A medical marijuana advocacy group has filed a petition with the Colorado Supreme Court to overturn large parts of the cannabis regulation laws passed by the state Legislature last spring.
According to a press release from the Patient and Caregivers Rights Litigation Project (PCRLP), the “original jurisdiction petition” filed Jan. 5 claims that the laws (HB 1284 and SB 109) restrict patient access to medical marijuana and violate patient privacy rights guaranteed by the state constitution under Amendment 20.
The petition, available at www.CannabisLawsuits.com, was filed by Andrew Reid of Springer and Steinberg on behalf of the PCRLP and Kathleen Chippi, a Nederland caregiver and dispensary owner.
“This petition was necessary to stop the state’s blatant attack on fundamental constitutional patient and caregiver rights,” Chippi says in the release. “Coloradans need immediate clarification on rights they enjoyed from 2000 through 2009 and why some of those rights were extinguished by the state Legislature in 2010. Medical marijuana patients are sick of being treated like second-class citizens. Cannabis in Colorado is a constitutional right, just like the right to free speech, and the state has no authority to destroy those rights. I hope that the Supreme Court takes this case out of compassion for the patients, because we have found none in the state legislature, the health department or the Department of Revenue.”
Damien LaGoy, a medical marijuana patient who has been living with HIV/AIDS for 25 years, says the key issue is the state’s plan to replace confidential registry information with a massive database and surveillance system open to law enforcement and other government agencies.
“We went through this 20 years ago with HIV/AIDS patients when the government decided to create a national AIDS database,” LaGoy says in the release. “People were afraid to come out and get tested because they feared their information would be made public. A lot of my friends died because they were afraid to get treatment because they didn’t want to get on the list. The same thing is happening now with medical marijuana. I don’t want to see patients die because their confidentiality is no longer protected and they are afraid to get their medicine.”
Mike Saccone, spokesperson for the Colorado Attorney General’s Office, told Boulder Weekly that his office has neither seen nor been served with a copy of the petition, but he says both laws are legally defensible.
“We intend to defend any challenges to HB 1284 and Senate Bill 109,” he says.
According to the PCRLP release, the petition asks the Supreme Court to rule on two questions:
• Do HB 10-1284 and SB 10-109 violate patients’ rights to their medication as secured by the Colorado Constitution?
• Do the information disclosure provisions of HB 10-1284 violate patients’ Constitutional rights to privacy?
The petition also asks the court to overturn the “local option” provision of HB 1284 that allows cities and counties to ban medical marijuana distribution.
“There is no ‘rationality’ in allowing municipalities and counties to regulate to death and ban access of patients to doctor recommended, constitutionally sanctioned, medical marijuana medication while not giving these same local governments authority to similarly regulate and ban far more potent and dangerous, if abused, substances such as pharmaceutical narcotics and alcohol,” the petition states.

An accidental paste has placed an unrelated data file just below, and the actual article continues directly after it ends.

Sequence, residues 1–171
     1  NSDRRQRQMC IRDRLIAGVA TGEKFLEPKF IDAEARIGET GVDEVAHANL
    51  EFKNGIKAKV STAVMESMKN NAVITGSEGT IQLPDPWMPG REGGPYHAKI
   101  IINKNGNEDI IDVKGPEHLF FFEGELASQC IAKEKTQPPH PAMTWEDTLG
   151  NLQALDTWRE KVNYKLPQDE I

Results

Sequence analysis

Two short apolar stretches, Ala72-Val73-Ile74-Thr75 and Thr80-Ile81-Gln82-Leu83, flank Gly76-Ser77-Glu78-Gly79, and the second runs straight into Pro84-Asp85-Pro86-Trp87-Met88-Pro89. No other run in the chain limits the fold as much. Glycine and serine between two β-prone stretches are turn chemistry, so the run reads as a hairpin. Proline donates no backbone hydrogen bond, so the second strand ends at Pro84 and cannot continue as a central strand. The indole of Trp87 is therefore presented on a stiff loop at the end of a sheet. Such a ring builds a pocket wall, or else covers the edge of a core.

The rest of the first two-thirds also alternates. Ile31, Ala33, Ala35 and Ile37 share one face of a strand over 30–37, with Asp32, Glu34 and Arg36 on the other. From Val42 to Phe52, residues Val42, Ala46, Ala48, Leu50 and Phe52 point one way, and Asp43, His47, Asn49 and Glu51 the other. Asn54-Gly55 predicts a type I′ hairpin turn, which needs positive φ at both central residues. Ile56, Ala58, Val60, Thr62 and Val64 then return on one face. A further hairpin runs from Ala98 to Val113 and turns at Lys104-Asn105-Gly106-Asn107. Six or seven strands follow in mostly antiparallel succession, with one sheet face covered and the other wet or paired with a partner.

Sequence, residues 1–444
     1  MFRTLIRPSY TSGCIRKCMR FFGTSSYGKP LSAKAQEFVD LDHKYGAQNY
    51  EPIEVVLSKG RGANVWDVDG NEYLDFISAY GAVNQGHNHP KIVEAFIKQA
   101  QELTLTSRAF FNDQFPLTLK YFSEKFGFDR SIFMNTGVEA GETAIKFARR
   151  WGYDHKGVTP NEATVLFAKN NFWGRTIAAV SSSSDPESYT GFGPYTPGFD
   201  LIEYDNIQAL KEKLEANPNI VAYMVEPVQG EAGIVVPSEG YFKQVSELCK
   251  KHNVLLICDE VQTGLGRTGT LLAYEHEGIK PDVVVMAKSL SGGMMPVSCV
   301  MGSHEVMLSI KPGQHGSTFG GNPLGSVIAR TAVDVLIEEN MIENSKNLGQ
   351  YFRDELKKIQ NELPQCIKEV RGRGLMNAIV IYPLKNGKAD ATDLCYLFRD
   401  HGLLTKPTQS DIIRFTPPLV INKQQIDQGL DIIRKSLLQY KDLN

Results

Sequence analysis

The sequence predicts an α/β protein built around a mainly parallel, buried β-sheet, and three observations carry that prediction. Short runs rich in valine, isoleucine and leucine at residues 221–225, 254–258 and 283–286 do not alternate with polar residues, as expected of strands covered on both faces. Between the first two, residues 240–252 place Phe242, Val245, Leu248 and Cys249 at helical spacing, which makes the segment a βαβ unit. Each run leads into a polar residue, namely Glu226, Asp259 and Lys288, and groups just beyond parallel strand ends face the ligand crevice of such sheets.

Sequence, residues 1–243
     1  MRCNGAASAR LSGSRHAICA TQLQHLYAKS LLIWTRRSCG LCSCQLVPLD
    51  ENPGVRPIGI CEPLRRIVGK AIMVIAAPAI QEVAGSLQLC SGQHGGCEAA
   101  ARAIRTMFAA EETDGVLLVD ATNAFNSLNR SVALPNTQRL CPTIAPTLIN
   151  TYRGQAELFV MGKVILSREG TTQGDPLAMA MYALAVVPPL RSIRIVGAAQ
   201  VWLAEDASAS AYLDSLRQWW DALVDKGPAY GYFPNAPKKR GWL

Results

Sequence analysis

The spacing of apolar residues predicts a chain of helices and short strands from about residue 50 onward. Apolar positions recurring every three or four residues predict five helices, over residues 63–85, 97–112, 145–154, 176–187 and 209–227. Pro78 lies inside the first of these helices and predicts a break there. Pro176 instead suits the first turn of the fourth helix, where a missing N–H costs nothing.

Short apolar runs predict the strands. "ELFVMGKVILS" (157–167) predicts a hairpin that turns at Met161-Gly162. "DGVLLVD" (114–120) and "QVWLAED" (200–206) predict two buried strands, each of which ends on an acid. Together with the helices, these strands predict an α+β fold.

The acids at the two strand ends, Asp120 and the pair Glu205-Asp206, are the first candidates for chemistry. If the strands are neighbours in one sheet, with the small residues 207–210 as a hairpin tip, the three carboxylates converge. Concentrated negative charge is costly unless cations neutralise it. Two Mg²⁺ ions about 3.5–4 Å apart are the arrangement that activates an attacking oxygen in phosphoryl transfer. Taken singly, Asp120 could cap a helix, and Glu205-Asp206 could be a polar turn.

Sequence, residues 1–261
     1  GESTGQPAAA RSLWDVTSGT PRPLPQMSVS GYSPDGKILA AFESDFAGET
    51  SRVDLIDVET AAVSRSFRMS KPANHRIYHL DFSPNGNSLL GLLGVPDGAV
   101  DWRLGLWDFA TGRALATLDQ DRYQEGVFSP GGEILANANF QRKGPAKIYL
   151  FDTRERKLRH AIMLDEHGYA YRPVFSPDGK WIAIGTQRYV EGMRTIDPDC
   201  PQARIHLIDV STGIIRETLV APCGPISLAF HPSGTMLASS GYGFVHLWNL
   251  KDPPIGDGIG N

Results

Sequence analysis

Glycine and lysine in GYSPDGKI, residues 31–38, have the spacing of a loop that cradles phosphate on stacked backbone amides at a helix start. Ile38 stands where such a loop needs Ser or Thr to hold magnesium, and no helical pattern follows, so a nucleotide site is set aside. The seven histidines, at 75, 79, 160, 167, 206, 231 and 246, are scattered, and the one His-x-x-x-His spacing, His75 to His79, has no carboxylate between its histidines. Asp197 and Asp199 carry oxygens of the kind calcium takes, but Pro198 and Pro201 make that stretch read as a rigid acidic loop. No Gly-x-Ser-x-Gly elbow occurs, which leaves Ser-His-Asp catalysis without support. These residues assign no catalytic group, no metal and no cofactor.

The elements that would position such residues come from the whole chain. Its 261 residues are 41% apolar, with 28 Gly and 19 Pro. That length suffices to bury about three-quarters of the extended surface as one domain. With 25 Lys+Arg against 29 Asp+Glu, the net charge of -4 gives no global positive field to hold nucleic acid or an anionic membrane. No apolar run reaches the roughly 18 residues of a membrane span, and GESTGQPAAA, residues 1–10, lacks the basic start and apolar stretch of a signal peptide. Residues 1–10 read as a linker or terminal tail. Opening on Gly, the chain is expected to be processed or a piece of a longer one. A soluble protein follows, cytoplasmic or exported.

The petition also asks the court to rule that it is unconstitutional to give the Department of Revenue or local governments the authority to regulate medical marijuana in any way, according to the release. It also challenges HB 1284’s restrictions on caregivers, such as their ability to serve more than five patients and to make a profit off their business.
The petition also asks the court to rule restrictions on physicians in SB 109 as unconstitutional. SB 109 redefined the definition of a physician “in good standing” to restrict physicians who could recommend medical marijuana, the release states.
The petition asks the court to rule that the confidentiality and privacy provisions of the constitution will be violated by HB 1284’s requirement that medical marijuana centers collect patient information and share it with law enforcement.
“Only last week, a large number of confidential ‘medical marijuana registry forms with all these people’s personal information on each one of those sheets’ was found by happenstance by a passerby in a box by an alleyway trash bin behind a medical marijuana dispensary,” Reid says in the release. “There is an additional confidentiality concern in regards to medical marijuana because its possession and cultivation and acquisition may still be illegal under federal law although legal under state law. Patients who are ‘outed’ as users of medical marijuana, although legal and constitutional, risk losing their freedom, health insurance coverage, government benefits, college tuition loans and grants, employment, children and other such harms.”
The petition states, “The right of qualified medical marijuana patients to their medication to ease their suffering is now enshrined in our Constitution. Certain legislators, even a majority of them, or a majority of voters in some communities, may want to second guess medical experts and the People of their State and disagree with the limited and highly controlled use of marijuana as a physician recommended medication by fellow citizens and residents diagnosed with debilitating medication conditions. But, that does not give these ‘representatives’ nor the majorities of limited geographical areas of the State the right to veto the will of the People or deny the fundamental constitutional rights of others, anymore than the majority can silence free speech, or take one’s liberty or property or life or health without due process of law.”